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that debt incumbent home owners don't go on strike.

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And then there's a kind of notion that it's a failure of policy

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in that policy has actually intervened.

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And there's a funny kind of alliance emerging between the Glenn Beck wing

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for Fox News and the World Bank,

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both of whom says the problem is too much regulation

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of the wrong sort.

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So there are all these ways, and all of them have a certain truth.

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And skilled writers will take one or other of those perspectives and

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build a story and actually write a very plausible kind of story about this.

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And I thought to myself,

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"Well, what kind of plausible story can I write, which is none of the above?"

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Which is one of the things I always think to myself, and it's not hard to do

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particularly when you're coming from a Marxist perspective because, you know

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there aren't many people who try to do this analysis from a Marxist perspective.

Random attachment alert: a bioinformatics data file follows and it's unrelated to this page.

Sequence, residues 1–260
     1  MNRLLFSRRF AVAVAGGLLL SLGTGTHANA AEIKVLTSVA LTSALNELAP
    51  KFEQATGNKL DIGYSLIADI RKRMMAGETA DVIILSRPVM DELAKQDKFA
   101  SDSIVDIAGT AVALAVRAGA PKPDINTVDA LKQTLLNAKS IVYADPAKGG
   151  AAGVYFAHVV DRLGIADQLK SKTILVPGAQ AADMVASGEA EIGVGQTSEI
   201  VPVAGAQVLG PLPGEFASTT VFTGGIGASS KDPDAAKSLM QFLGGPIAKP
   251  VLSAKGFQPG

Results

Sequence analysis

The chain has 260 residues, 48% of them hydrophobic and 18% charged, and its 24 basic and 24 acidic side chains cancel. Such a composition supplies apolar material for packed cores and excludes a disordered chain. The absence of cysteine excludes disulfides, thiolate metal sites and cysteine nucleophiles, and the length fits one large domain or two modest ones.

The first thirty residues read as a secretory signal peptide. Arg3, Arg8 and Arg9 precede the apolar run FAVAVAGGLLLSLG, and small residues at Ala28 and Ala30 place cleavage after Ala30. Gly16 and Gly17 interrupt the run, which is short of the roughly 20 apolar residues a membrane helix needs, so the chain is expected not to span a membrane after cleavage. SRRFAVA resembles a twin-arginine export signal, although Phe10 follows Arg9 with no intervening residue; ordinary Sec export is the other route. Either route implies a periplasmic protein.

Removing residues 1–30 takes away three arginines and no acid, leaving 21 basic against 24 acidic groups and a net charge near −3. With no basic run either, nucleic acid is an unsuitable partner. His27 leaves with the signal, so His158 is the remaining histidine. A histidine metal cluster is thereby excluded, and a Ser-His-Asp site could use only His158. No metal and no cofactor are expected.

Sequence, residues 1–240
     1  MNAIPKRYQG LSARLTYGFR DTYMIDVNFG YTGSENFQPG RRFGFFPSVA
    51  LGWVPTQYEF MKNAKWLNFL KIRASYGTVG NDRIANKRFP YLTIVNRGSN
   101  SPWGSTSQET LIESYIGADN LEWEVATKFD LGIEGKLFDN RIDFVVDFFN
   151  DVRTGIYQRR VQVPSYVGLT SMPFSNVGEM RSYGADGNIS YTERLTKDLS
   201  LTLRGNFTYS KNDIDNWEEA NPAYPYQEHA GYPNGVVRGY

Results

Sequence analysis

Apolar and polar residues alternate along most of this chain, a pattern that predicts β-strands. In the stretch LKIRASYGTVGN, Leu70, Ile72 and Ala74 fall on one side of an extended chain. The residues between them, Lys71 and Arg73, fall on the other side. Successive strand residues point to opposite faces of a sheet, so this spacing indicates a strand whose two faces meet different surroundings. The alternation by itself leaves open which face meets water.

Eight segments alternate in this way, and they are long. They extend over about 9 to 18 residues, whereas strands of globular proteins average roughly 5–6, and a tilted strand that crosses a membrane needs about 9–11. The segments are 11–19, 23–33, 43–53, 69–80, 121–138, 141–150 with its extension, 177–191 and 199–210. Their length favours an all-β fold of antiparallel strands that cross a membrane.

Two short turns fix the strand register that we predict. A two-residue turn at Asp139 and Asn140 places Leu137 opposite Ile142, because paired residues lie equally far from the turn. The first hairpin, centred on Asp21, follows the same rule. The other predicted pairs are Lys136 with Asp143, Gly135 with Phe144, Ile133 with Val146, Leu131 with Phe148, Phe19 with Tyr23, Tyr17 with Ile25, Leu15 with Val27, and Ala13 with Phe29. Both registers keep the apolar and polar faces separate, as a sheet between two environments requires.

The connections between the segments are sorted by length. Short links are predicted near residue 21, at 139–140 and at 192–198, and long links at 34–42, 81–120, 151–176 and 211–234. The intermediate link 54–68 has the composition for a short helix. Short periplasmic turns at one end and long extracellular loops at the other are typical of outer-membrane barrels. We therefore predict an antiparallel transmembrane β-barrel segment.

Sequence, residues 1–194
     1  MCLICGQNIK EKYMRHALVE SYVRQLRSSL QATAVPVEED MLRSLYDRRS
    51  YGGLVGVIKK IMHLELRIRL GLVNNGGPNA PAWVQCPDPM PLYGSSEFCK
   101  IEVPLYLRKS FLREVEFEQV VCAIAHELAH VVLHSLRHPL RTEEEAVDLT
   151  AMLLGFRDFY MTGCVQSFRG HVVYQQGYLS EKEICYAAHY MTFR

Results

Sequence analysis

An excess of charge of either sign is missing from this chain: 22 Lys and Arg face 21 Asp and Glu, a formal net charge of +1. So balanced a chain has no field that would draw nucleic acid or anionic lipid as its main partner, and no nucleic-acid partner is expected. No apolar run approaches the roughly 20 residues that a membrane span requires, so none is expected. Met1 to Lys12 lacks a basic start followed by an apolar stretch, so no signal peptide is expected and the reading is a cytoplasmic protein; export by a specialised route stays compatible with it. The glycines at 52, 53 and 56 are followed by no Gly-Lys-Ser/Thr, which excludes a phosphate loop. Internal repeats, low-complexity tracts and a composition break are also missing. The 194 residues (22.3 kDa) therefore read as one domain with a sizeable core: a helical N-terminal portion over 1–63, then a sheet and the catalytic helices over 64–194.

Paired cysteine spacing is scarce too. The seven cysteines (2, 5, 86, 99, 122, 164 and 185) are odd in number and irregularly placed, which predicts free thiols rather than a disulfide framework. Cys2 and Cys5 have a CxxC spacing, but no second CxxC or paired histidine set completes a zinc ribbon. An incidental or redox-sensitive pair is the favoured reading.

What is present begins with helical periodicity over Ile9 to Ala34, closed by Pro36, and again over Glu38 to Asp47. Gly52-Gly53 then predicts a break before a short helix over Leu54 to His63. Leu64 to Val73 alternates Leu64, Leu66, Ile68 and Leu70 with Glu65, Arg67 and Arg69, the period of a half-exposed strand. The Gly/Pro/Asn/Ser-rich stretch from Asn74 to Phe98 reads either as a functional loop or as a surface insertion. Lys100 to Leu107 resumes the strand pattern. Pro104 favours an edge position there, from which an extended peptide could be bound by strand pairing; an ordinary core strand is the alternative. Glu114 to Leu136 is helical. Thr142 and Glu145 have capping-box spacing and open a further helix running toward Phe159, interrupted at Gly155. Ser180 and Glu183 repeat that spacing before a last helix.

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And I was really clued into this by this thing that happened

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at the London School of Economics about a year and a half ago when

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Her Majesty, the Queen, asked the economists

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"How come you guys didn't see this thing coming?"

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She didn't say it exactly that way, but you know, it's the sentiment.

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And, they got very upset. And she actually called the Governor of the Bank of England.

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And said, "How come you didn't see it coming?"

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And then the British Academy put forward this

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got together all these economists and they came up with this fabulous letter

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to Her Majesty.

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And, it was actually astonishing. It said

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"Well, you know, many dedicated people, intelligent, smart, spent their lives

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working on aspects of this thing, very, very seriously

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But the one thing we missed was systemic risk."

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And you say, "What?!"

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[Laughter]